“There’s something happinin here. What it is ain’t exactly clear.”
Lyrics from “Stop Hey What’s that Sound” by Buffalo Springfield.
By Dave Stancliff/For The Times-Standard
Trees across America change colors as Autumn settles in and winds of discontent swirl down Wall Street. They carry the voices of an ever-increasing number of protestors camped out at Zuccotti Park and on sidewalks.
Over 700 protestors were arrested for blocking traffic on the Brooklyn Bridge last weekend. People chanted, “We are the 99 percent!” Thousands of protestors gathered at Foley Square midweek and were joined by union activists in a march to Zuccotti Park.
Their signs condemned the corporations, the banks, the speculators, the government, the wars, and the wealthy minority who rule like robber barons of old. They shouted epithets and chanted “F*** the Fed!” Signs proclaimed, "Tax Wall Street" and "Make Jobs Not Cuts."
This ongoing demonstration has become known on Twitter (and recently by the mainstream media) as #OccupyWallStreet. It began in July with the launch of a simple campaign website calling for a march and a sit-in at the New York Stock Exchange.
The call to protest came from anti-consumerist magazine AdBusters on September 17th, and people haven’t stopped coming. Over the past three weeks, demonstrations have addressed various issues, including police brutality, union busting and the economy.
Perhaps the most intriguing aspect of this protest - which has extended to other states - is the lack of a central leadership. We’re witnessing a true grass roots movement. I’ve read where protestors said they were inspired by the so-called “Arab Uprising.”
The Wall Street Journal reported similar protests sprouting up across the country in cities including Chicago, Pittsburg and Los Angeles. Over 60 smaller cities throughout the country have had turnouts supporting the movement. Students at Humboldt State University, in Arcata, joined other students throughout California in voicing their concerns.
Several hundred people marched around the financial district in San Francisco, their angry voices joining the New York protestors, "They got bailed out, we got sold out" and "Join our ranks, stop the banks."
I hope the politicians are paying attention because no amount of rhetoric will satisfy the millions of Americans suffering through the worst economic crisis since the Great Depression.
The majority of Americans are angry with our government and the power of the wealthy minority. This blacklash has no leaders, but the overall message is clear; things have to change. People can’t stand the inequalities in our system of government any longer.
The mainstream media has reluctantly reported the Wall Street protests, and others that are springing up everywhere thanks to social medias like FaceBook and Twitter. I’ve followed this “American Uprising” from the start, and the thing that impresses me is the unity among strangers.
I can’t help thinking about the sixties when protestors spoke out against the Vietnam War and a corrupt government. They made a difference. They showed if the majority of Americans banded together and let their voices be heard, they could make a difference.
If the Republicans and the Democrats have any brains at all, they better pay heed to what’s happening in the streets. The winds of discontent are blowing and show no signs of letting up.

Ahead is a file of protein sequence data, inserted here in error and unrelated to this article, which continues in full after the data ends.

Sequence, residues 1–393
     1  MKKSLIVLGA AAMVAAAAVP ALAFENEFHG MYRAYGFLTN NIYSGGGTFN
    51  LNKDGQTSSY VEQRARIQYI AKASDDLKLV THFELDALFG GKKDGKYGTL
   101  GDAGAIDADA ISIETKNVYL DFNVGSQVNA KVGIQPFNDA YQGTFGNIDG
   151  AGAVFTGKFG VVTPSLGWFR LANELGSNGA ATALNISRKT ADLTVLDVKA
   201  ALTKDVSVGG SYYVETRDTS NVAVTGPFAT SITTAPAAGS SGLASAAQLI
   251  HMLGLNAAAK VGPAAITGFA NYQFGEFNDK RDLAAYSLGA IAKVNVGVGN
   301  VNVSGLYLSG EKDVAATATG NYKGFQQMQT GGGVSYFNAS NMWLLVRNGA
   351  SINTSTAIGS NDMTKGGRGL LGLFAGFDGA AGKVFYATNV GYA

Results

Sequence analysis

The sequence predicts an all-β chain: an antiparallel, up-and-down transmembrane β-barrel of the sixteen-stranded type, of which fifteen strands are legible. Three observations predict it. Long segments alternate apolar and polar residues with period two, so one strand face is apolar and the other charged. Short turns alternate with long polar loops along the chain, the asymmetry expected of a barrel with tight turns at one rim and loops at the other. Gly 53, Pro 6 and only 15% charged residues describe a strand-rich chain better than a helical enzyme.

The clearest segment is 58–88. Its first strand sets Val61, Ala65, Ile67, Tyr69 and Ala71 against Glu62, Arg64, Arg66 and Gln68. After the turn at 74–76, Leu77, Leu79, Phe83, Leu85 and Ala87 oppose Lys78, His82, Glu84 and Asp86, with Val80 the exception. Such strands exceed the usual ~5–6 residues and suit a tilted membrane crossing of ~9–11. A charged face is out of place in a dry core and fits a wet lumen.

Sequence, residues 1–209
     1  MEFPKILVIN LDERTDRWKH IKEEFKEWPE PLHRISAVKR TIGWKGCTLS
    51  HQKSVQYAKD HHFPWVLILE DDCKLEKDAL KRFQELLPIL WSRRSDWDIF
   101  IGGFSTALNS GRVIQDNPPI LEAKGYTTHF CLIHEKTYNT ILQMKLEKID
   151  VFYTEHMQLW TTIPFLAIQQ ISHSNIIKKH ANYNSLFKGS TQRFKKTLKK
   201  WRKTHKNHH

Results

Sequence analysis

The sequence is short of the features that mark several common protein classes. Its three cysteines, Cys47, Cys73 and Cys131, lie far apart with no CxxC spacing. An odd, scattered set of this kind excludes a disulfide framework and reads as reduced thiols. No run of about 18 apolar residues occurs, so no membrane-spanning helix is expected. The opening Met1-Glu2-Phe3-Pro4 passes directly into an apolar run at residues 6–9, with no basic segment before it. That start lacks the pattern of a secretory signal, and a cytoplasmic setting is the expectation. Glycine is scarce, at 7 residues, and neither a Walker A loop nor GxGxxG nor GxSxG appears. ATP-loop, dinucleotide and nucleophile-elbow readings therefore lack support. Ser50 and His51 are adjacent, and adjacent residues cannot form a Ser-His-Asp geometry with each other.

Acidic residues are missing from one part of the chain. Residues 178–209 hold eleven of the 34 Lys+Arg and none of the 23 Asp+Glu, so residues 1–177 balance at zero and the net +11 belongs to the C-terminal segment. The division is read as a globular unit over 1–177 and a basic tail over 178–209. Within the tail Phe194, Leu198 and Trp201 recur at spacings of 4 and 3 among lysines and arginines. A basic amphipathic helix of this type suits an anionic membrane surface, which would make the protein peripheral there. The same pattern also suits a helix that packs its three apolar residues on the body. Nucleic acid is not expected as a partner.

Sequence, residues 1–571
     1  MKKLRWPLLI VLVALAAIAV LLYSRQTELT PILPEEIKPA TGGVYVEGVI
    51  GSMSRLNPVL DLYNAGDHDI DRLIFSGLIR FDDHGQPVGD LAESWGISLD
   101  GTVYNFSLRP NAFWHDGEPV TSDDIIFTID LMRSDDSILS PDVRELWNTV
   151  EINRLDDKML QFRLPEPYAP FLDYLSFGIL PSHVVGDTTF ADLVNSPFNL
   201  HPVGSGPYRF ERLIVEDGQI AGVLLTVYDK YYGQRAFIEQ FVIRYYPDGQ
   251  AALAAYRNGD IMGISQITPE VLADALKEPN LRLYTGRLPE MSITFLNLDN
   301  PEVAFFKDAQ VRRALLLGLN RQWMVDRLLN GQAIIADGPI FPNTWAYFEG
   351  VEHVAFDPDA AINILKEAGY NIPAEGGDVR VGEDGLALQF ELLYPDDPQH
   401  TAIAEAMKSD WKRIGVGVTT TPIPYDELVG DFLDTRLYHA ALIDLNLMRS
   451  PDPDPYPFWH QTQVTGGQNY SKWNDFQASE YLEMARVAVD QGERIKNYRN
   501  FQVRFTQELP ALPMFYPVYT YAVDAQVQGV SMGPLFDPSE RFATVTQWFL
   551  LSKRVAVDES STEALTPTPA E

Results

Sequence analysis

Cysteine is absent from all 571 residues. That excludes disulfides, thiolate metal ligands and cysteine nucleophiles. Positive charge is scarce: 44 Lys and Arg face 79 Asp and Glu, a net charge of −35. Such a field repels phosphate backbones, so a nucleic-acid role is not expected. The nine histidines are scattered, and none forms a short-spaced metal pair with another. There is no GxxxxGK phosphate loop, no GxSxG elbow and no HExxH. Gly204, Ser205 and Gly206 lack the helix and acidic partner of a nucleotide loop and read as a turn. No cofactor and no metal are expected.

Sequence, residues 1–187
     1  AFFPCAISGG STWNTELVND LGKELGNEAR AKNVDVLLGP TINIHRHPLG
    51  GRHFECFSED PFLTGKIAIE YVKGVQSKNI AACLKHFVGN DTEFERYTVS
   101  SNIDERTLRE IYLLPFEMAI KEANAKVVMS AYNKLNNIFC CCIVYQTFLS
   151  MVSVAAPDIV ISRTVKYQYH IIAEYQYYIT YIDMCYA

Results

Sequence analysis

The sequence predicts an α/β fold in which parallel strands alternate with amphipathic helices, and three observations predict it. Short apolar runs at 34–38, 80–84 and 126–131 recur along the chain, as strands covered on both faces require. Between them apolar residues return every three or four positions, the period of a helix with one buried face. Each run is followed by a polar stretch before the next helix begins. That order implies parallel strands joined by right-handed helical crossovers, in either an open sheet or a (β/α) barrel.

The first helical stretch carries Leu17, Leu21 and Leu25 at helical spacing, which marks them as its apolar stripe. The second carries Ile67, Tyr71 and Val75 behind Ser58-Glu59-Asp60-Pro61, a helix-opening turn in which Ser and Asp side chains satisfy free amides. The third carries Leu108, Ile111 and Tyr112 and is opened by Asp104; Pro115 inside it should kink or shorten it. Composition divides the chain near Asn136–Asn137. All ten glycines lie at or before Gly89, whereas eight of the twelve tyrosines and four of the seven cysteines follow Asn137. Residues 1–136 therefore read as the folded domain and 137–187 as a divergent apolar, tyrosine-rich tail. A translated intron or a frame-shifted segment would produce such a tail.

The protests have been peaceful for the most part. People are arrested and ticketed. It’s important to look at who the protestors are. The core of our democracy - the middle class. Of course the poor are protesting too. They always have by virtue of their position in life. Their voices are seldom heard. There’s no Super PACs (Political Action Committees) for the poor.
A fire has been started by the people. Not by a PAC (financed by the wealthy) and claiming to be for the people like the Tea Party. No, this a very real uprising among common Americans fed up with the powers that be. It’ll be impossible for the mainstream media to vilify any one person and call them responsible for the rebellion that is sweeping the cities.
Despite that, expect negative reports about the protestors. Expect stories about liberals gone wild and lazy hippies having a heyday. Expect conservative attacks that revile those protesting Americans on Wall Street and Main Street USA. Above all, expect the demonstrators to continue to gather in growing numbers.
More than the color of the leaves is changing this autumn. Common Americans are finding their voice. The working class. The people who bear the brunt of taxes while the corporations and the wealthy cheat. Everyday people. People who work long hours for low pay and practically no benefits.
Common people who have a dream of equality. Who think all Americans should have health care and seniors shouldn’t have to fear for their social security benefits or be used as pawns in politics.
The politicians who don’t respond to this groundswell of discontent will harvest what they sow when they come up for re-election. This is a campaign year. This is also the year the people have decided to fight back.
As the bitter winds of autumn carry the protests, they threaten sleet and snow as the protests grow. Angry voices ride the winds of change, unafraid of the establishment that has failed them so miserably. Their ranks continue to swell.
As It Stands, can you hear them? The voices ringing out across the land?